Monday, May 26, 2008
Pleasure Boat Studio, 2006
Reviewed by Elizabeth Robinson
The Emily Cheung's art on the cover of Sight Progress gives a useful indication of what poet Zhang Er means by "sight" and "progress." The image billows and circles, as though it is both rising above and surrounding three brightly colored "targets," each a nexus in itself. One of the billows is smoky, threatening to dissipate into the atmosphere, while another is a black outline, both better defined and more empty, ephemeral, than its counterpart. Thus it manifests that for Zhang Er, vision–-in both its literal and imaginative terms–-does not function in the mode of linear narrative, but like a rhythmic or melodic pattern, "a thin and tender female voice trailing, almost child-like as it drifts from the other shore as a white wave or mist, coming close, then closer, before slipping away." In keeping with that vision, Zhang Er's poems in this collection couple sharp (especially visual) perceptions with a tidal sense of forward movement and retraction.
The collection, a series of prose poems, makes maximal use of linearity implied in narrative and prose constructions. The language is direct and mostly quite plainspoken. Rachel Levitsky's translation seems right on the mark in this sense, as it abets the poems in doing their work without fuss or unnecessary adornment (though at times it might have been helpful to more strongly assert an idiomatic English syntax). Form and translation coalesce to underline the forward movement of prose even as the poems continually voice doubt at the possibility of such 'progress.' The tone of this writing is consistently controlled and never showy, yet the tension between forward movement and the aporia that places a drag on such motion slowly wraps around the reader to create a compelling tension. The poem "Today," for instance "Goes straight into history, to a day in the future when I'll look back on it. I'll remember how the sea rises, how the heavens condescend, and the moment they meet, a little cloudy . . ." The projective movement into the future is immediately turned on its head as the speaker, in a feat of the paradoxical, anticipates looking back on it. The seam of future and past meets only cloudily, or perhaps as a palimpsest, the writing of which recommences over and over, as in "Begin Again" when one must "Turn over the page, full with writing, begin again on the back with a new line." Here, the meeting of past and present acquires a literally and figuratively painful aspect, as the page flips and "an accidental slice, the hand bleeding again at paper's edge." Thus the tug between future and past, between affirmation and pessimism leads to the necessity of the present, a seam that is variously cloudy and cutting but is, in the end, all that we have. Zhang Er then refashions necessity as resourcefulness, "Only necessity, imagination's necessity, to stretch beyond the restriction of a lifetime."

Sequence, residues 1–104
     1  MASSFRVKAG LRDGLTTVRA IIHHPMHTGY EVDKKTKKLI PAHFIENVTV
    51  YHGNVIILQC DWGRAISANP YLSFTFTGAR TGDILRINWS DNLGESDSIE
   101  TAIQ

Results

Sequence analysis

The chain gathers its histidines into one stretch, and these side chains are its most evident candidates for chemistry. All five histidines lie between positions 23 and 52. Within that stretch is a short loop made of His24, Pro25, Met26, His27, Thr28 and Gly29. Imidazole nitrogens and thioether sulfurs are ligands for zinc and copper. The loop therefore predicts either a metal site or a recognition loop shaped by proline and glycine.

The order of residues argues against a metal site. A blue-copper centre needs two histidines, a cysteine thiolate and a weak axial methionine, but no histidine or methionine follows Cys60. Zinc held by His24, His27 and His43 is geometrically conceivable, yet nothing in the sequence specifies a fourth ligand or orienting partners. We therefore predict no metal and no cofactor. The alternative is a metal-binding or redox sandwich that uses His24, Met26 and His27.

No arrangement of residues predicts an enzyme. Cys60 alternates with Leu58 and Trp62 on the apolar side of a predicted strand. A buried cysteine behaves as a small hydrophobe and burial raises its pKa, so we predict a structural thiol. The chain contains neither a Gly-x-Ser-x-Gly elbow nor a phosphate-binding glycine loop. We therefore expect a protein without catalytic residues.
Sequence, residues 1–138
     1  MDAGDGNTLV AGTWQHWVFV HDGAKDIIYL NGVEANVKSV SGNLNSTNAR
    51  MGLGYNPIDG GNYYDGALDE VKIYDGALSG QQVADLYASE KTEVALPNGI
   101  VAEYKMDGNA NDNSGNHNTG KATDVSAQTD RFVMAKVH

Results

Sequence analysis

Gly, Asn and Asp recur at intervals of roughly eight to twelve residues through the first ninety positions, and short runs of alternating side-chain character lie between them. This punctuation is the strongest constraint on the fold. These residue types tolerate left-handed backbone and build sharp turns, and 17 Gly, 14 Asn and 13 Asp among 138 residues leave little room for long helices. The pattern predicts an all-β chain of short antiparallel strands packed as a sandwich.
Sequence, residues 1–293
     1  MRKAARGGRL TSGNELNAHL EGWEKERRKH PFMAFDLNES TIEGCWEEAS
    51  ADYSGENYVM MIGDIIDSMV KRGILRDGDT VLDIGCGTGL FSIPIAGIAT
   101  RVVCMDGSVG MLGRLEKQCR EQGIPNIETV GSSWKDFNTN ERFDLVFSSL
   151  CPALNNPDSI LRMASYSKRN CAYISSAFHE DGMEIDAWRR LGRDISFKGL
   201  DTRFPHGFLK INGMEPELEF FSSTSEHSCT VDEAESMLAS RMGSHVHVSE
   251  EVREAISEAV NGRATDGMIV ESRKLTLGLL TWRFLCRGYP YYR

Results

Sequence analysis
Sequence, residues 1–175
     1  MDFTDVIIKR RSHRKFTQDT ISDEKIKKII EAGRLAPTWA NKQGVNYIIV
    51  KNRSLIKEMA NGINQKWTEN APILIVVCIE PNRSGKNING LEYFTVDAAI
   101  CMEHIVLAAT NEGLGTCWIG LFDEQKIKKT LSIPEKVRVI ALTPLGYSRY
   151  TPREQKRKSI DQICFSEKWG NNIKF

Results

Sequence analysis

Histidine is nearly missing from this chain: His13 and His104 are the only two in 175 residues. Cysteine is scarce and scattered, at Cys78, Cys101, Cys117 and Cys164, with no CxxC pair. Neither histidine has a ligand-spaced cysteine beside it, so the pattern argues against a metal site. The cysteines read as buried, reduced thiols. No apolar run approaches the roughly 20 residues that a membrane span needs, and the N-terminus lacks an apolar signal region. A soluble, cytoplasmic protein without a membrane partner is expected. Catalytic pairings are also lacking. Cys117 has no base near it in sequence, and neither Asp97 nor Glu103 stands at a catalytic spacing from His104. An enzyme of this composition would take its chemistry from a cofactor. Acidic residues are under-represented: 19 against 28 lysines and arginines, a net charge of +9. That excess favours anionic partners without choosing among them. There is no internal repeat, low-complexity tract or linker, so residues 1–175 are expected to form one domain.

The reader enters this poetry as a swirling current that moves with acuity, and even frequent pleasure, amid the material details of the world while the poems question what, if anything, moves at the center of experience: "It all happened here. Yet, nothing happens here." Coupled with that doubt is a muted yet insistent critique of the woman's role in society. Often this thematic thread is connected with Zhang Er's Chinese heritage, but opens outward as well to a pointed examination at the feminine in other realms– western religion or familial arrangements in which wives and daughters are expected to sacrifice themselves for the benefit of men. The aptly titled "Sacrifice," makes this especially evident. Zhang Er writes that the woman's "endurance, the drudgery, bearing the weight while abstaining . . . grows his career, social advance, wealth, not her fortitude." At a time when many younger women step back from allying themselves with feminism, even claiming (wrongly, in my view) that gender discrimination is no longer an issue, Zhang Er's certitude is bracing and admonitory: for a woman, "success is survival, not self-sacrifice."
A relevant peculiarity of these poems is that the sentence construction frequently effaces the subject (e.g. "One Just Divorced and the Other Just Married" begins: "Driving together up the rambling, circuitous mountain road . . ."). This may be an artifact of the poem's origins in the syntax of another language; I can't comment knowledgeably on this. However, the results mark the poems in interesting ways. Firstly, by omitting a subject, the reader is implicated in the process of the poem, becoming that subject; at the same time, identity or subjectivity emerges slowly, so that in the aforementioned poem, it only slowly develops that the protagonists are females traveling in Italy. There's a small shock at the end, when one of the emergent protagonists of the poem "notices everyone looking. At the two of them, the only women there." The absent subject is suddenly quite present, multiple, and female. It's a striking way to get across the continuing otherness of feminine experience.